Vale Warwick Hillier

Monday 13 January 2014
Warwick Hillier

Associate Professor Warwick Hillier:
18 October 1967 – 10 January 2014

It is with great sadness that we acknowledge the premature death of our highly valued and talented research colleague and friend, Warwick Hillier. Warwick succumbed to a year-long fight with cancer and has left behind a young and loving family including his wife Sari and children Henry and Stella. His colleagues at the Research School of Biology are deeply saddened by his death.

Warwick was an ANU graduate (BSc Hons 1991, MSc. 1994; PhD 1999) who was awarded the Australian Young Biophysicist award in 1998. He quickly built an international reputation in the late Jerry Babcock's Laboratory (1999-2003) as an NIH postdoctoral fellow on metallo proteins and radical mechanisms, and in the Photobioenergetics group RSBS as a postdoc funded from the Human Frontier Science Program. Warwick obtained a permanent position in RSBS in May 2007 and later that year he shared the Robin Hill Award at the 14th International Photosynthesis Congress, Glasgow, for his work on the mechanism of water oxidation. In 2009 he won an Australian Future Fellowship for research in this area and at the time of his death was a Laboratory Leader in the Division of Plant Science in RSB.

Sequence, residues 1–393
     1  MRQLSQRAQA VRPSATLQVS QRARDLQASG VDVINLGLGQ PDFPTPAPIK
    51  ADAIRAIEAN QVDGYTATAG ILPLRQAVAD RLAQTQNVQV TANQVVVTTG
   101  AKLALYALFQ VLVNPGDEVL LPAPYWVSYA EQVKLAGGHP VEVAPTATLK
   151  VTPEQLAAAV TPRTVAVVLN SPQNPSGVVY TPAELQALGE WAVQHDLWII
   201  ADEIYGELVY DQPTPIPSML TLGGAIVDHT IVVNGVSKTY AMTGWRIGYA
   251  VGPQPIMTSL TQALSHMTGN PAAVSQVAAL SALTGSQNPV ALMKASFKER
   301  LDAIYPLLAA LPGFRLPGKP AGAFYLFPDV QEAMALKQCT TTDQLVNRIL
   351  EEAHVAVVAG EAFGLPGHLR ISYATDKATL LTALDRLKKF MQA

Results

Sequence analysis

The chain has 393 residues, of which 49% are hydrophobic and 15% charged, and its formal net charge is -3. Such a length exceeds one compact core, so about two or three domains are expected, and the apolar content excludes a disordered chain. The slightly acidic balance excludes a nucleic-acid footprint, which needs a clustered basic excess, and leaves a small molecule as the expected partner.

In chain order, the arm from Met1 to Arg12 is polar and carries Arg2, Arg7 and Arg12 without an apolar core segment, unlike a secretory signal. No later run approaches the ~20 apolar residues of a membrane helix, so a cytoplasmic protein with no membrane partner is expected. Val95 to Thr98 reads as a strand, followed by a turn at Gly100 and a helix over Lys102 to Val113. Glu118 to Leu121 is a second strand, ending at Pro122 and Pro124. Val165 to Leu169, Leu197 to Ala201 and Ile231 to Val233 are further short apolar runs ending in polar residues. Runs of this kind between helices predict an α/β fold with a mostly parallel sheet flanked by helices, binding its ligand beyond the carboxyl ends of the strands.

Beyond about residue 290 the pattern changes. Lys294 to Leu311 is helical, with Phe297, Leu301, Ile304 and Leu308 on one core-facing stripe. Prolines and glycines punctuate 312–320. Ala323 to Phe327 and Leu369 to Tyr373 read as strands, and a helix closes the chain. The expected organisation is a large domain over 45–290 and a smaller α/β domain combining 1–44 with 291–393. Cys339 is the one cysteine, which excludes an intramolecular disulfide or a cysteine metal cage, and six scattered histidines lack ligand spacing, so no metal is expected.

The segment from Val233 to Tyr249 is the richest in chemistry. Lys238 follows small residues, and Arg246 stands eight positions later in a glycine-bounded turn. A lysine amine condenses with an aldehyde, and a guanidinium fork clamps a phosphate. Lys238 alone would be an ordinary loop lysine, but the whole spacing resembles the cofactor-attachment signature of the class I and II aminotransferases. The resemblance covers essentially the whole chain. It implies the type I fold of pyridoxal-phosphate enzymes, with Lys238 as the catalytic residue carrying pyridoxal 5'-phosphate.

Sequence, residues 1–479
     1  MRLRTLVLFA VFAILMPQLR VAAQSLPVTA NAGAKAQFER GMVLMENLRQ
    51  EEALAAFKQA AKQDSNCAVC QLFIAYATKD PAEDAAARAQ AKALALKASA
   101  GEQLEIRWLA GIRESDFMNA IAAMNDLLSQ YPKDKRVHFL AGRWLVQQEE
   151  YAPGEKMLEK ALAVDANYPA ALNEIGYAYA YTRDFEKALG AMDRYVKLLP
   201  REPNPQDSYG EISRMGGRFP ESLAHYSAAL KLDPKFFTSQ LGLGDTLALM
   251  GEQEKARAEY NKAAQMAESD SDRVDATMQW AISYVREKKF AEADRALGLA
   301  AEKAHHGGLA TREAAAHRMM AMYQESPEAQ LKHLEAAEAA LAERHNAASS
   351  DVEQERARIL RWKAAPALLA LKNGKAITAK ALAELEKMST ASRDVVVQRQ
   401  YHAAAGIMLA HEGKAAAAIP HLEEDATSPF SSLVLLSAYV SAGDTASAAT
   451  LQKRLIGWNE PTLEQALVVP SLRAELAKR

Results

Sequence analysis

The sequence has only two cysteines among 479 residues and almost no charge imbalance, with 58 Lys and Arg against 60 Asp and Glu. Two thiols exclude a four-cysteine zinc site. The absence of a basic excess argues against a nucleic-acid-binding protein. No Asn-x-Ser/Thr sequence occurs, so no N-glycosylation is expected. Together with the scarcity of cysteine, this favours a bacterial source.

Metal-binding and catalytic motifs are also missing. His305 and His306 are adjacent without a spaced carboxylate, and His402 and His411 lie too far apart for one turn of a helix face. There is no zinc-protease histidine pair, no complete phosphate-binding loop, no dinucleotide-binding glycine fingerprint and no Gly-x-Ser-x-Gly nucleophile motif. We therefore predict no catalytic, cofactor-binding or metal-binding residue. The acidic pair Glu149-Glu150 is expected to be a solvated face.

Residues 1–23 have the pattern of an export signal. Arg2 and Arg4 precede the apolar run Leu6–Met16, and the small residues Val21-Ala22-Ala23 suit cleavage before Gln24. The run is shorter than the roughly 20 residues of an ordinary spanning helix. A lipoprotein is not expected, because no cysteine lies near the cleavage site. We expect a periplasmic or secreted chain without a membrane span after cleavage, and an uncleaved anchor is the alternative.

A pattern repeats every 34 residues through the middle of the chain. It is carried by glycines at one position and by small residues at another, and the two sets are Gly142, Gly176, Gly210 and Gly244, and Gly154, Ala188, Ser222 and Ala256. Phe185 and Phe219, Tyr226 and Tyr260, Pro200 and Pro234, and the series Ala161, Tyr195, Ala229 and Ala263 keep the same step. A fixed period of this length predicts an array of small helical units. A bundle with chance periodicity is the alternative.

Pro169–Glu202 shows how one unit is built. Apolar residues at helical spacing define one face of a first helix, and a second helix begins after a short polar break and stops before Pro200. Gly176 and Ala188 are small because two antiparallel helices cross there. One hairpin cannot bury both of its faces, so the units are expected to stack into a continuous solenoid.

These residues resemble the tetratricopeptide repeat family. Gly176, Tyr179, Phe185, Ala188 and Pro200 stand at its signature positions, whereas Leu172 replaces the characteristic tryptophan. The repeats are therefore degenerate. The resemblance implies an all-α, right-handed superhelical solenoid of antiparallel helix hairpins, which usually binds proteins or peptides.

Warwick’s scientific passion was to understand the mechanism of the light-driven water oxidation complex of photosystem II in photosynthesis that produced Earth’s oxygen-rich atmosphere and now sustains all oxygen requiring life on Earth. It was the source of energy accumulated in fossil fuels in the distant past and continues to drive all food production today. A more fundamentally important scientific endeavour cannot be imagined. He communicated his passion for this subject in various publically available web-based contributions.

Warwick was an excellent amateur astronomer and photographer and his remarkable photo of the primitive photosynthetic systems in stromatolites in Shark Bay has been sought after for textbooks and class material.

We know that his many colleagues and friends in Australia and around the world will join us in acknowledging Warwick as a talented high achiever in science, a good friend, a loving husband and a caring father. The School has lost one of its best and he will long be remembered by all those who knew him.

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